Sara Gabbard, executive director of the Friends of the Lincoln Collection of Indiana, interviewed Allen Guelzo about his work ahead of his appearance this week as featured speaker for the group's 40th annual McMurtry Lecture series. The scholar on President Abraham Lincoln is director of the Initiative on Politics and Statesmanship in the James Madison Program at Princeton University. Here are excerpts from the interview, which first appeared in the Friends' “Lincoln Lore.”
Q. When you are “on the road” lecturing about Lincoln and the Civil War, what questions do members of the audience ask most frequently?
A. Far and away, the most frequently asked question I encounter from audiences is, “Would things have been different if Lincoln had lived?” What they mean, in most cases, is, would a Lincoln-managed Reconstruction have healed the nation's wounds more effectively than the one we got as managed by (Presidents Andrew) Johnson and (Ulysses S.) Grant, and spared us a century-and-a-half of racial suffering and turmoil?
Q. The subject matter for your books on Lincoln varies greatly. How do you determine the specific topic you wish to pursue?
A. Mostly, I look to ask the questions that haven't been answered, or better, even asked. “Redeemer President” was more of a response to an urging from others than an initiative of my own, but once “Redeemer President” was finished, I realized that the Lincoln field held out more unanswered questions than people suppose. Hardly any reviewer fails to begin a review of a Lincoln book without some useless comment about how many Lincoln books there are and so how can another one be a real contribution. That's pure absurdity.
The Lincoln field is like a meadow over which many wagons have been driven, but most of them follow the same narrow ruts the others have created, while vast stretches of the meadow roll away to the distance, untouched. I have a list of Lincoln book topics that, I loudly lament, have lain unexamined. In fact, many of them are the same topics James Garfield Randall begged students to take up in his famous 1936 address, “Has the Lincoln Theme Been Exhausted?” and that was almost a century ago.
Q. Which book was the most difficult to research?
A. “Gettysburg: The Last Invasion” was an immense challenge because so much existed in the way of memoirs, reminiscences and histories of the battle, some of them written before the last of the battle's dead had been buried. I spent a very long time reading through personal narratives and regimental histories, knowing full well that any one of these I neglected would surely be seized upon by the army of eagle-eyed Gettysburg buffs as some form of fatal omission.
What guided me through this vast literature was a determination to see the battle through the eyes of the 19th century, and cognate 19th century wars. Hence, even as I was steeping myself in Gettysburg sources, I was reading deeply in 19th century European military tactics and procedures, and finding a wealth of comparative insights; for instance, the use of column and line, the efficacy of artillery, the purposes of cavalry, the aversion to street fighting.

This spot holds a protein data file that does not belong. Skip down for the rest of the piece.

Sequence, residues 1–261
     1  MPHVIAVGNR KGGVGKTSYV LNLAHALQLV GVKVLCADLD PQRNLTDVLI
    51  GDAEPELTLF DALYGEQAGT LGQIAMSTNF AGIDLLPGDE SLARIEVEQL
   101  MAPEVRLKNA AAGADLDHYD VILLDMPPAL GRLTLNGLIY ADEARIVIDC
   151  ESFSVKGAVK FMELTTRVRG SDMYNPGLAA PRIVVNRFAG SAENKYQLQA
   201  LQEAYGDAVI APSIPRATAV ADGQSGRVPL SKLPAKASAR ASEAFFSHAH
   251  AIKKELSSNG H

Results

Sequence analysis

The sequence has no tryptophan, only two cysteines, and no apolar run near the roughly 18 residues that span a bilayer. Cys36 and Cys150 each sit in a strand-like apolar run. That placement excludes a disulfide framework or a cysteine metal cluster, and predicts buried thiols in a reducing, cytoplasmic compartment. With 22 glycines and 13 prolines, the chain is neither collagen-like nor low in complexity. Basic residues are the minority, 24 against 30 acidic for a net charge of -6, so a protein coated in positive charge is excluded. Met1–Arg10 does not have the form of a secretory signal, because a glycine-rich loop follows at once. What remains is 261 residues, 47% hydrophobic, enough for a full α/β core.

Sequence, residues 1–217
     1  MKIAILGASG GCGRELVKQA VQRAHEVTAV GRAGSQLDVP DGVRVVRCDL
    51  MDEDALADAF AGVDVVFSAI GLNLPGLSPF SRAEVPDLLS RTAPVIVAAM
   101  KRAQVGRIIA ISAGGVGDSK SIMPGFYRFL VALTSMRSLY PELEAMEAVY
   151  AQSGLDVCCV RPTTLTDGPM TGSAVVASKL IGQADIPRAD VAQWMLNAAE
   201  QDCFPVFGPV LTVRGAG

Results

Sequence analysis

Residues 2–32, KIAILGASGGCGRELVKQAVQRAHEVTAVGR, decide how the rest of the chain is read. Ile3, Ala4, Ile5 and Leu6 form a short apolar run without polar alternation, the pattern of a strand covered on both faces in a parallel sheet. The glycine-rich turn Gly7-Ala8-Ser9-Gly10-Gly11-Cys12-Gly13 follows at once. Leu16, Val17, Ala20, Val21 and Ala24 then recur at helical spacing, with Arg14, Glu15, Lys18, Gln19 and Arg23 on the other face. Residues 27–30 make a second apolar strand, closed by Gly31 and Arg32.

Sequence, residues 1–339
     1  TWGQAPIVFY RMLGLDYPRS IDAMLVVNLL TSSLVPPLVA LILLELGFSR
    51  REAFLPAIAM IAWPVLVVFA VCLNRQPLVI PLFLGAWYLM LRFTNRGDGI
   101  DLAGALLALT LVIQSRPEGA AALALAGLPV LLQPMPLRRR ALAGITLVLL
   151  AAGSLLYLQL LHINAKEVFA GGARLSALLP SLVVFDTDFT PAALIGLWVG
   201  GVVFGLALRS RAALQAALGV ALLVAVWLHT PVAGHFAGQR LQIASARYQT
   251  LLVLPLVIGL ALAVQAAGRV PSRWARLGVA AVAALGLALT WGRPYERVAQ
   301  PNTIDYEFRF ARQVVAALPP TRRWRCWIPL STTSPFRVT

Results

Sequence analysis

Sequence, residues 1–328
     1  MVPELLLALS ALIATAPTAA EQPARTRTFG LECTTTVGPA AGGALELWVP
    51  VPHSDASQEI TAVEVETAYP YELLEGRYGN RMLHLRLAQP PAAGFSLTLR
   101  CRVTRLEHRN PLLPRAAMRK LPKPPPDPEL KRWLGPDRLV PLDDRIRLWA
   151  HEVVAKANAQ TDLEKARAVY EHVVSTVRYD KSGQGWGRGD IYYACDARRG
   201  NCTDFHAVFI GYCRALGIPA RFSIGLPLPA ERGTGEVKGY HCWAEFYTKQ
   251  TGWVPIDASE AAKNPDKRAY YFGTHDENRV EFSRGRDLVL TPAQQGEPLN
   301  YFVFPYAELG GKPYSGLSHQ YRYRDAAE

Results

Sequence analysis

Q. A website refers to you as specializing in “American intellectual history.” Do you agree with that definition?
A. That's because I am, at the meat-and-potatoes level, an American intellectual historian. I am, and have always been, fascinated by American ideas, believing that (as the psalmist said), “As a man thinketh in his heart, so is he.” I actually only backed into doing the American Civil War to the extent I have because of Lincoln, and only backed into Lincoln because of the attraction he offered as a man of ideas.
Q. Please rate Lincoln as a commander in chief.
A. I've come to believe that Lincoln was in many ways a better president than he was commander in chief. Lincoln had very little experience in military matters and very little taste for them (something which was reinforced by his Whiggish politics, since the Whigs were the enemies of the “military chieftain,” Andrew Jackson).
As president, he assumed that he could master military affairs the same way he had mastered the law – by reading the standard textbooks, which he proceeded to borrow from the Library of Congress. As the son of a career Army officer and the father of another, I can testify that this is not the path to military understanding.
Q. What is your next project?
A. I've devoted the last six years to writing a biography of Robert E. Lee. I want now to get back to Lincoln, and I have in mind a book which will speak to Lincoln's ideas about democracy. Curiously, he used the word sparingly. Yet, no one in our history has come closer to embodying what we think of as the best in our democracy. The question is whether democracy, as it worked in Lincoln's world, still works in ours.
Those interested in attending the online lecture by Allen Guelzo at 7 p.m. Tuesday should email Lincoln@acpl.info for the Zoom registration link.